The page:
In one embodiment, a MEMS device is provided, comprising a first member having a first surface and a second member having a second surface, the first and second surfaces being separated by a gap that is closable by a MEMS actuation force applied to at least one of the first and second members. A standoff layer is disposed on the first surface of the first member, the standoff layer providing standoff between the first and second surfaces upon a closing of the gap by the MEMS actuation force. The standoff layer comprises a plurality of nanowires that are anchored to the first surface and that extend outward therefrom.
Also provided is a method of fabricating a MEMS device. The method comprises forming a first member having a first surface and a second member having a second surface. The first and second surfaces are separated by a gap that is closable by a MEMS actuation force applied to at least one of the first and second members. The method further comprises growing a plurality of nanowires anchored to the first surface and growing outward therefrom. The plurality of nanowires forms a standoff layer that provides standoff between the first and second surfaces upon a closing of the gap by the MEMS actuation force.
Also provided is a method comprising operating a MEMS device to cause a mechanical closing of a gap between a first surface of a first member of the MEMS device and a second surface of a second member of the MEMS device. The first surface comprises a plurality of nanowires anchored thereto and extending outward therefrom to form a standoff layer that provides standoff between the first and second surfaces upon the closing of the gap.
It is to be appreciated that the relative simple MEMS device 100 is presented for clarity of description. There are many other types of MEMS structures for which one or more of the embodiments is applicable. Likewise, real-world MEMS structure implementations incorporating one or more of the embodiments will invariably have substantially more layers and elements than illustrated in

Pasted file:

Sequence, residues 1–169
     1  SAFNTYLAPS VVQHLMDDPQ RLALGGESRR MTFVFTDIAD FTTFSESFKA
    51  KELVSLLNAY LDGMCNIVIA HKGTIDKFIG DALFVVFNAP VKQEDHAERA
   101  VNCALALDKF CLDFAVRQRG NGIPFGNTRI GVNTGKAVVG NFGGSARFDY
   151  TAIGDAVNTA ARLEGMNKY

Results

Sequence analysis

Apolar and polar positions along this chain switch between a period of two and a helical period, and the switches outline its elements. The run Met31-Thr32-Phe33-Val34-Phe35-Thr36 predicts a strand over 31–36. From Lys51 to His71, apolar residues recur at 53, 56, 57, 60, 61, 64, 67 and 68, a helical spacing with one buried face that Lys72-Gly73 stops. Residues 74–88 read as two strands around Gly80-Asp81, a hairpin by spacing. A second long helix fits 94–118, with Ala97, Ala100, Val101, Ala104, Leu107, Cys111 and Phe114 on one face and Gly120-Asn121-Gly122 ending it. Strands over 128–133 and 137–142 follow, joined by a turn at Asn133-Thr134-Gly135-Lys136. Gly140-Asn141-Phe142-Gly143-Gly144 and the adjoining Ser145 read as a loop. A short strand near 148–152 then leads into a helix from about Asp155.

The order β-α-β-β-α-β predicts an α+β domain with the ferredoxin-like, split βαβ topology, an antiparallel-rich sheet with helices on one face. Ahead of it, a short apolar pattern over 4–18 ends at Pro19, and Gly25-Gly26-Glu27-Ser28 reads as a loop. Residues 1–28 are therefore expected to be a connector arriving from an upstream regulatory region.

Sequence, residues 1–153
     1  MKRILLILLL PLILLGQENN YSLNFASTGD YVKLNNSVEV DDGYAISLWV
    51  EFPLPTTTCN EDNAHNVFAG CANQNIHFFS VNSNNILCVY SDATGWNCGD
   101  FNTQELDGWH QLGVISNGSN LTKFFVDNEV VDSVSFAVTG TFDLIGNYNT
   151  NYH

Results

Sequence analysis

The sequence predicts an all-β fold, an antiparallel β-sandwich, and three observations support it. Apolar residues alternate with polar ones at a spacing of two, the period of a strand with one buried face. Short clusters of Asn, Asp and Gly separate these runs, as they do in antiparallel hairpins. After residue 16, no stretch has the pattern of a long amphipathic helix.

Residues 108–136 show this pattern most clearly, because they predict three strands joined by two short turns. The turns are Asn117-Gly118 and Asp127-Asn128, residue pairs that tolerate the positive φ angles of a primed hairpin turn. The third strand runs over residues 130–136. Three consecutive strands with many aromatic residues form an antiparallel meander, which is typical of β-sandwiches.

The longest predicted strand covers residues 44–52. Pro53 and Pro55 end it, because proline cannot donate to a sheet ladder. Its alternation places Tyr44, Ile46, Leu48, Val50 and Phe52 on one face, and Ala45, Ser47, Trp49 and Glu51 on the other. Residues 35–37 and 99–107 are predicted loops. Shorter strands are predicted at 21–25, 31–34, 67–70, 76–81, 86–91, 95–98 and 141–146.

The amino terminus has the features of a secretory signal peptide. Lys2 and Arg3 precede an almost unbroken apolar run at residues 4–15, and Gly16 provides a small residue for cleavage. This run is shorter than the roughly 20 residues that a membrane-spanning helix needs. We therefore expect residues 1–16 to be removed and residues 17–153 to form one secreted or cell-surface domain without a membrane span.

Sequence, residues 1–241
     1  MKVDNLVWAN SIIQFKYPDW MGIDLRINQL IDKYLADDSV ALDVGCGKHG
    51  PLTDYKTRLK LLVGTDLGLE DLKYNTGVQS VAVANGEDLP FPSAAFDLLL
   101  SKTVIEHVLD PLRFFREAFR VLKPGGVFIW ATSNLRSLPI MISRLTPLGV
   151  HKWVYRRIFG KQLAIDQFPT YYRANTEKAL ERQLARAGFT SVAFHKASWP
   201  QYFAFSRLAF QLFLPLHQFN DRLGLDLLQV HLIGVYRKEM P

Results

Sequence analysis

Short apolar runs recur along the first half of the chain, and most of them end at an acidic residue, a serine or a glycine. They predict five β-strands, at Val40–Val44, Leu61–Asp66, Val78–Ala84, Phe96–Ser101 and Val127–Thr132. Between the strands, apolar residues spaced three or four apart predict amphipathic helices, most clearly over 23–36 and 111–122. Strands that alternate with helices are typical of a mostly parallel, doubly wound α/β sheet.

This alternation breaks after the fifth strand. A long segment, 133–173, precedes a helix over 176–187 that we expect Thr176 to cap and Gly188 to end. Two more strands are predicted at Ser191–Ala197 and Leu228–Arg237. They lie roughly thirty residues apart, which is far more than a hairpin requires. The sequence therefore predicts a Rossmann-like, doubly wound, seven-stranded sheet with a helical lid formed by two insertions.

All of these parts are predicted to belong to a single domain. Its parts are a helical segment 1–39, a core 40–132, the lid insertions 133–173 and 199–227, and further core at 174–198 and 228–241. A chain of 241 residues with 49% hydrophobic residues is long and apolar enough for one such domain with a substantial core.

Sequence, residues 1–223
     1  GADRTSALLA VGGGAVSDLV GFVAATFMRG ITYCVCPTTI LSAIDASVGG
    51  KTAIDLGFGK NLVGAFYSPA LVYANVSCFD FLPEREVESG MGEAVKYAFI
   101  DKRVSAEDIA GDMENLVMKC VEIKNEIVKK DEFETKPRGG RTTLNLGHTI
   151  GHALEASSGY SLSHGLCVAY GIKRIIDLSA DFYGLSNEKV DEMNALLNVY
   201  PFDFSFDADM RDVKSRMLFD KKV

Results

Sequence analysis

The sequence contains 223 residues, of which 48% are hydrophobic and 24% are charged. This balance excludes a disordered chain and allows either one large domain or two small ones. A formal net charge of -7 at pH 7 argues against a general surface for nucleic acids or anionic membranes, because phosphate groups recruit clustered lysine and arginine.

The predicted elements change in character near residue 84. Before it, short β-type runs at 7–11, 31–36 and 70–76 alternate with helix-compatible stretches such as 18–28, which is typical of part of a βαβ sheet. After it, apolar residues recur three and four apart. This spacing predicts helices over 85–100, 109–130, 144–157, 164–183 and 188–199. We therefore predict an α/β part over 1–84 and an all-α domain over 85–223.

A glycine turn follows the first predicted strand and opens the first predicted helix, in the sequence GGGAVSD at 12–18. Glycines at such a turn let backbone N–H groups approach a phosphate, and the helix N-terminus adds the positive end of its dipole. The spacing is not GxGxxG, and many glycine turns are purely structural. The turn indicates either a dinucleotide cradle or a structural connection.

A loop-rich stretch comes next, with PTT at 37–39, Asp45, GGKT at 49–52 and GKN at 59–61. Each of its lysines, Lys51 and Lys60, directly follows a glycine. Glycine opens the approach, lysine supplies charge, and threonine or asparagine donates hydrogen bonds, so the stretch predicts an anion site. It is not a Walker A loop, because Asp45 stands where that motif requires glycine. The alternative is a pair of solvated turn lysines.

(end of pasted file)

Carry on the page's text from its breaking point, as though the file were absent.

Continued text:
It is to be appreciated that many different mechanisms can be used to actuate the upper member 106 relative to the lower member 102. It is to be further appreciated that as used herein, MEMS actuation force applied to a member refers to any MEMS-based cause of motion for that member, including direct actuation (for example, an electrostatic force directly being exerted on the member by application of a voltage) and indirect actuation (for example, the member is mechanically coupled to a different MEMS-moveable element that is being actuated).
It is to be further appreciated that, for clarity of description, the drawings are not drawn to a uniform scale. In particular, vertical and horizontal scales may differ from each other and may vary from one drawing to another. In this regard, directional terminology, such as “top,” “bottom,” “front,” “back,” “leading,” “trailing,” etc., is used with reference to the orientation of the drawing figure(s) being described. Because components of the embodiments can be positioned in a number of different orientations, the directional terminology is used for purposes of illustration and is in no way limiting.
The gap 110 is closable by a MEMS actuation force applied to at least one of the lower member 102 and the upper member 106. In the simplified example of